Vomiting – Serious or Watchful Waiting?


First in a series
Vomiting is nobody’s favorite pastime. Sadly, some cats retch from time-to-time. Finding the cause can be tricky. I learned early that even when I was sure I had the answer, I needed to be ready to be wrong. Unexpected clues – easy to miss – change treatment plans, like right away.

A cat with a history of hurling sat on my exam table with a complaint of recent vomiting. The nice lady, Jerri Samuelson, fixed me with a hopeful expression as she stroked “Gucci”, her 2 year old female tortoise shell. “Hi, Ms. Samuelson, I’m Dr. Jeff Nichol. When did this cute girl start vomiting again?” “Well, she’d been doin’ OK but all of a sudden, in the past 3 days, she’s stopped eatin’, then she started pukin’, and now she’s got squirts.” Well, alrighty, then. Routine stuff, I thought. It was a Saturday morning. I’d be off work in an hour and a half, enjoying lunch and then washing and waxing my Triumph. Another day at the office.

My first years in practice had me in the employ of experienced veterinarians. Dr. Lloyd Beal, my boss at the Foothill Veterinary Hospital in Sacramento, was off that day. No problem. I’d breezed into the exam room just as confident as any young veterinarian could be. I hadn’t treated every malady of pets yet but I was current in my knowledge and ready for anything. Really? Just 2 years of out of school? Of course I was.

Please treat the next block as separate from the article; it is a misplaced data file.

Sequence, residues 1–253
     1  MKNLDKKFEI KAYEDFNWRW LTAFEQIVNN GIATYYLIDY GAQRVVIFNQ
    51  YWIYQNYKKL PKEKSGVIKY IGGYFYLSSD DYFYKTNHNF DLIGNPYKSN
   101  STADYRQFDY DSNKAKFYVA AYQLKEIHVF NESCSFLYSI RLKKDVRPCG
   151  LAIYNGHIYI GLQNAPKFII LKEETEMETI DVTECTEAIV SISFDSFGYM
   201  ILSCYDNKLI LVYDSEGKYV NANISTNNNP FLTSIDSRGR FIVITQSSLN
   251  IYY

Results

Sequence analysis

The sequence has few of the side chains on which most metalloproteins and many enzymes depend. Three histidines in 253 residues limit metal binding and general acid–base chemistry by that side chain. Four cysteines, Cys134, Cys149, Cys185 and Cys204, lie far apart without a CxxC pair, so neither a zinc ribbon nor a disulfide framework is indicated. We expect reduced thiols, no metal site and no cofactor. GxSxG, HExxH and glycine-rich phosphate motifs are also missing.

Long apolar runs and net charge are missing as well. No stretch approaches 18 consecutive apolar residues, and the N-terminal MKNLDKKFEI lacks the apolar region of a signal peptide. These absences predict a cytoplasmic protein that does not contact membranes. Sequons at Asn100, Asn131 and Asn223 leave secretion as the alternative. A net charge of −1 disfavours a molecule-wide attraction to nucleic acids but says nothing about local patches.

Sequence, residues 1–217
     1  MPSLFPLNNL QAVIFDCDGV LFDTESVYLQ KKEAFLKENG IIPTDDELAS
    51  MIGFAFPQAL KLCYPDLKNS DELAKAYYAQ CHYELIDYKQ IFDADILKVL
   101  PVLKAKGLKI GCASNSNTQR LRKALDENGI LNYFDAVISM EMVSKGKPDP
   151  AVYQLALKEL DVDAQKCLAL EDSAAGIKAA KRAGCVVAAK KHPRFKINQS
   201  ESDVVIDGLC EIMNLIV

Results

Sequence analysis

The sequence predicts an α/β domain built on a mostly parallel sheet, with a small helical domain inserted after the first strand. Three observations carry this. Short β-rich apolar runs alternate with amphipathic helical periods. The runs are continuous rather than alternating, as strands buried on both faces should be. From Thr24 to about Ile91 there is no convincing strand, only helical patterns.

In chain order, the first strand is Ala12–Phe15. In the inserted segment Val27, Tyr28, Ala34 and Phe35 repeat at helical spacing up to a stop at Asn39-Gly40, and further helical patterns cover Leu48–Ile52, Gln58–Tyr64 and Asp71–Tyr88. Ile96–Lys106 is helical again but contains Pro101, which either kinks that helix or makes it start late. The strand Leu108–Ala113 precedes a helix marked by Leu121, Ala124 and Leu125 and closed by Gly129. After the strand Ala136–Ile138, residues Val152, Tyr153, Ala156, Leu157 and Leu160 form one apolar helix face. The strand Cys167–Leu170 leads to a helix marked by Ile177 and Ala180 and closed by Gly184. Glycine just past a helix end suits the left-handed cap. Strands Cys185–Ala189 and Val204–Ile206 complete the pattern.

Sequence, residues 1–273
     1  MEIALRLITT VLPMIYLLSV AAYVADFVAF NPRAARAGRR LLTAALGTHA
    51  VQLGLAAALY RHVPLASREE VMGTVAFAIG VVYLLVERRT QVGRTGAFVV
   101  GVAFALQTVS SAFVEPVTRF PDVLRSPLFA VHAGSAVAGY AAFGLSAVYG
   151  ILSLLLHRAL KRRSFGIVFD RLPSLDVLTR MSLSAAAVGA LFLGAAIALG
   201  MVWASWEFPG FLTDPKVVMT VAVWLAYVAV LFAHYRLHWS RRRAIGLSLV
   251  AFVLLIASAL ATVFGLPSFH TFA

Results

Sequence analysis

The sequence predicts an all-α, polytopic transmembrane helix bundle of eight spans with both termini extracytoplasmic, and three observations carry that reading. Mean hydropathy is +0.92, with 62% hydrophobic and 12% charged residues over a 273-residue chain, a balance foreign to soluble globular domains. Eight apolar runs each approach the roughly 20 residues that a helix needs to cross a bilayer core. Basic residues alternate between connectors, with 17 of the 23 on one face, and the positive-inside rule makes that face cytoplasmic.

What I found on Gucci’s physical exam changed my day and my attitude. Her temperature was 104.2, respirations 60/minute – almost panting, her pulse was 180. Gentle abdominal palpation caused this sweet kitty to tense and cry quietly. Her intestines felt odd; there was fluid where it didn’t belong. As I started a mental list of possible causes I quickly realized I didn’t know where to start. I remembered an admonishment from an emergency medicine instructor in veterinary school. “Don’t just do something, stand there.”
Next week: Act fast or lose.
For help with behavior problems, you can sign-up for a Zoom Group Conference on my website, drjeffnichol.com.

Dr. Jeff Nichol is a residency-trained veterinary behaviorist. He provides consultations in-person and in groups by Zoom (505-792-5131). Each week he shares a blog and a Facebook Live video to help bring out the best in pets and their people. Sign up at no charge at drjeffnichol.com. Post pet behavioral or physical questions on facebook.com/drjeffnichol or by US Post to 4000 Montgomery Blvd. NE, Albuq, NM 87109.